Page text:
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Alternative Resources of Energy in Pakistan

Partner: Heinrich Boll Stiftung (HBS)

Year:  2010

Team Members: Shakeel Ahmed

The Sustainable Development Institute (SDPI) was assisted by the Heinrich Boll Stiftung (HBS), to research and report on alternative and renewable sources of energy for Pakistan. Solar energy has the potential for meeting the energy needs in some of the more remote areas of Pakistan. Wind and geothermal sources have also been identified as potential realistic sources of energy. Pakistan is geographically located in one of the highest solar isolation areas in the world; it is also located on a geology associated with geothermal activity. Wind has the potential to play an important part of the energy supply mix, with wind corridors having been identified for wind farm development. The Government of Pakistan through the Meteorological Department has quantified the wind energy generation potential for Pakistan.

Pakistan has been experiencing an acute shortage of energy right across all sectors in particular, industry and through energy disruption to domestic users. These shortages have highlighted the need for reliable, cost realistic and effective sources of energy and an improvement in the distribution of energy to facilitate development of the country. Pakistan currently relies disproportionately on thermal power generation from local gas fields and expensive imported oil to fuel both government and privately owned and rented power plants. The poor communities of Pakistan rely on wood and dried dung to heat their homes and in food preparation. The effects of a lack of clean energy on the poor community were part of the study with particular emphasis on household air quality and how it affects women and children.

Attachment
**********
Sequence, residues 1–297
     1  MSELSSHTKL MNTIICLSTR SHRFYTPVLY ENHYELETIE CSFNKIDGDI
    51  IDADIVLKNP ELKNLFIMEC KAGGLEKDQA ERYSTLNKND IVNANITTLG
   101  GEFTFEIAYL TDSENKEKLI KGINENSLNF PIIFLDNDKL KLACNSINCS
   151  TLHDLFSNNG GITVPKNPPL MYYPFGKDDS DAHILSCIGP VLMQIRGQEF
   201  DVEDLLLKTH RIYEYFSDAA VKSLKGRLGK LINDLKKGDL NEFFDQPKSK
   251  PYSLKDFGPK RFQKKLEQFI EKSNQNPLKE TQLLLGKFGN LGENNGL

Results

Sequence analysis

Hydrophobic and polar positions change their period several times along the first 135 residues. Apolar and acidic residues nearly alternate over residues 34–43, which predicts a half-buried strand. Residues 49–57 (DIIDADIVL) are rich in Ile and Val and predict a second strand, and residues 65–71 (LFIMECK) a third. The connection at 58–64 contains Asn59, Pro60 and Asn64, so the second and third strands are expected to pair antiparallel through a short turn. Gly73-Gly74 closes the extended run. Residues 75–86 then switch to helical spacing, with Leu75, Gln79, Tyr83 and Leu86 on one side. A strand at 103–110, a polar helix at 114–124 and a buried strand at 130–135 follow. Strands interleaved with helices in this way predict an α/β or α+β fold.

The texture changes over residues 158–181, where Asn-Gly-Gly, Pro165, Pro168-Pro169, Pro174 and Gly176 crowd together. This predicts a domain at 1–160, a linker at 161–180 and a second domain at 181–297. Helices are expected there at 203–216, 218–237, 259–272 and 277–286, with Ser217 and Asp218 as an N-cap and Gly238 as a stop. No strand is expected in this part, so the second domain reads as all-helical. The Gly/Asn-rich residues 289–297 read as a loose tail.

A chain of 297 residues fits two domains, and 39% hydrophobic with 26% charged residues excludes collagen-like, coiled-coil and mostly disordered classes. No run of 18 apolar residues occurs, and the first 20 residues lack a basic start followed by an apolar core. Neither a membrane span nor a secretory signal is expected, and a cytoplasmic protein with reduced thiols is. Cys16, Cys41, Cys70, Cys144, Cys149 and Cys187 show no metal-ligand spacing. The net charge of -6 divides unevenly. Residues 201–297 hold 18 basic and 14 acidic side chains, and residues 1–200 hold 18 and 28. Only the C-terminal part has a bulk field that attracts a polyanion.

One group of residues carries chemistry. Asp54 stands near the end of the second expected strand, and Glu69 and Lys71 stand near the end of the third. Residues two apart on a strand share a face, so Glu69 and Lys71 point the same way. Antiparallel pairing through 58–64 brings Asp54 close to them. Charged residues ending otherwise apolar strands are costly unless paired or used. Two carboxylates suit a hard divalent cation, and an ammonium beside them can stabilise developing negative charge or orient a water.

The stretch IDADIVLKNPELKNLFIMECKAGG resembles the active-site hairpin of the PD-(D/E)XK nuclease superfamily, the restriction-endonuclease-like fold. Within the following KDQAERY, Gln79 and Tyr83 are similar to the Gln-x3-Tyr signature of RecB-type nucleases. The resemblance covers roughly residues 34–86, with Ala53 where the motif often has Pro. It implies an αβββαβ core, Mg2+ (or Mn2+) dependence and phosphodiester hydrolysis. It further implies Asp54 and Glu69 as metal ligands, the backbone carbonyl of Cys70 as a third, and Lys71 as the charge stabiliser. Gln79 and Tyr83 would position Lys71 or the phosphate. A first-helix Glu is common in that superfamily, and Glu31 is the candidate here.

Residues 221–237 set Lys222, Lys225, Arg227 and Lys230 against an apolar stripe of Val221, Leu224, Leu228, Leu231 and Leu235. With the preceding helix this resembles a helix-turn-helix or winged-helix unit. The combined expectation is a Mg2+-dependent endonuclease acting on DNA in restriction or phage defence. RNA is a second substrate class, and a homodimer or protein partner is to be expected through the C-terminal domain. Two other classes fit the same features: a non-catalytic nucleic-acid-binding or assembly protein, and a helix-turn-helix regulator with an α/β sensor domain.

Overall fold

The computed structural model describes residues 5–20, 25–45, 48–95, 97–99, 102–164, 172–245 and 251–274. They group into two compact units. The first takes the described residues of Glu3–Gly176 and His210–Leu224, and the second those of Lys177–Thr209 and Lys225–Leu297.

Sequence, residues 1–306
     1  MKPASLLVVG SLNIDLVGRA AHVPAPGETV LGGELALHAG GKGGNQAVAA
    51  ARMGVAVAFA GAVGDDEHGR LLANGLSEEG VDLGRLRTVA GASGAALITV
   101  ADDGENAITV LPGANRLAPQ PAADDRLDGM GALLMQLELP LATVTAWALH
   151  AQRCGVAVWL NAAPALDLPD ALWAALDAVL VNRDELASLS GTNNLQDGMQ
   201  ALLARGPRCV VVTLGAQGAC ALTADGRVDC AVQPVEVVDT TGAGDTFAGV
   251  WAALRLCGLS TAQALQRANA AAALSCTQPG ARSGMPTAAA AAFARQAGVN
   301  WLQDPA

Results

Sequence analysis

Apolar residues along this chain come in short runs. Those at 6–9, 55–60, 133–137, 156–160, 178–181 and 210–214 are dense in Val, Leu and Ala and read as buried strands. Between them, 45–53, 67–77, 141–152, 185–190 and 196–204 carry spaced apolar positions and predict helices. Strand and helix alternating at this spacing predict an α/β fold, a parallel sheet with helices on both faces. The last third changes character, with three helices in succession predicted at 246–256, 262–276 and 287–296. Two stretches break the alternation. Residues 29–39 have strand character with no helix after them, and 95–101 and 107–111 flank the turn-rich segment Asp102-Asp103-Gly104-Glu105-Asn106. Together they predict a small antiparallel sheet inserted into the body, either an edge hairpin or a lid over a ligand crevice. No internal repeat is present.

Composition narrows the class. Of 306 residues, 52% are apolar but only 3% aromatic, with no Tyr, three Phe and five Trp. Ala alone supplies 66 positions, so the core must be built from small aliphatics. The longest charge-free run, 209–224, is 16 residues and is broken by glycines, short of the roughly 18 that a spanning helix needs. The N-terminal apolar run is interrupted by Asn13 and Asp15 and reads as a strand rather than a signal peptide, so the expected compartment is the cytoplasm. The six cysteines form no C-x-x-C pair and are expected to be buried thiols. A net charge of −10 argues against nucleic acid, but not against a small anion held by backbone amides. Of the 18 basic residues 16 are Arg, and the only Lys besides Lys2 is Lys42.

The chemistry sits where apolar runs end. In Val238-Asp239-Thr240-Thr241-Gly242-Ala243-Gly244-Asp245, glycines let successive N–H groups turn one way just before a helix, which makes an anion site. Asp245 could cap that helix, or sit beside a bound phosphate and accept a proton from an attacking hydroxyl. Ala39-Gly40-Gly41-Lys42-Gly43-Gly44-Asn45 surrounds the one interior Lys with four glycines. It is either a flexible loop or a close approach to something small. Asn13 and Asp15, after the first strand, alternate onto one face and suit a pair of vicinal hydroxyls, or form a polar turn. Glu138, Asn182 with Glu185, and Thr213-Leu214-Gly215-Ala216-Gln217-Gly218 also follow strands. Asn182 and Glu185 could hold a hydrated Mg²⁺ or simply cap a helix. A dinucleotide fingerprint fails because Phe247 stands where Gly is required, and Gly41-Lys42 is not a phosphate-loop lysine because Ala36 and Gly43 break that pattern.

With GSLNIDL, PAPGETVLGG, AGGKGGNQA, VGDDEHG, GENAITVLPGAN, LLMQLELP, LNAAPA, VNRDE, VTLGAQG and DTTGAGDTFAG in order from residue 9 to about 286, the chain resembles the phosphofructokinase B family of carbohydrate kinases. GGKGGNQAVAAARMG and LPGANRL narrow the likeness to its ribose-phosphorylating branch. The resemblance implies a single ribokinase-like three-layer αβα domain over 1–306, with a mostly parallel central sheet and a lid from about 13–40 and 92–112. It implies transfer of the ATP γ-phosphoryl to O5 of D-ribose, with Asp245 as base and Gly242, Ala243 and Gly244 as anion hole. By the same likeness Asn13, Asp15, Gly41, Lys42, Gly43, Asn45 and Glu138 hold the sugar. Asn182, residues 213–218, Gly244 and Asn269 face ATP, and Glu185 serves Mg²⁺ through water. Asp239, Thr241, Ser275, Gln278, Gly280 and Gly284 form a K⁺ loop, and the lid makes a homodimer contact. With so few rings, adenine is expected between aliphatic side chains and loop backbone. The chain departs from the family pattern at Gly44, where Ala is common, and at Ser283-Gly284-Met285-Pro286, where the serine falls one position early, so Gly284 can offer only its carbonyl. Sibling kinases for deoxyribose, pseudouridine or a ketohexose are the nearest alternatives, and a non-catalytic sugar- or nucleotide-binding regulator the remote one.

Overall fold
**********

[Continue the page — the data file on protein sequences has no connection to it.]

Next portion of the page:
The research conducted a general review of the renewable forms of energy available to Pakistan including, hydro, wind, biomass and biogas energy from wastes, solar and geothermal technologies. Hydro-power both as macro and micro projects are well established in Pakistan and are recognised as low cost reliable and renewable sources of power in Pakistan and have the potential to fill the energy deficit.

There was a consultation process with stakeholders from across the wide spectrum of users, environmental groups, developers, civil society and the Government being approached for their opinions and ideas for the development of these resources. Pakistan has the potential to be energy self sufficient if it has the will to do so. Rationalisation of and implementation of the proposed institutional arrangements have facilitated Pakistan’s ability to make use of various international funding opportunities to develop its renewable sources for a low carbon future through, for example CDM mitigation and adaptation funding from the international community.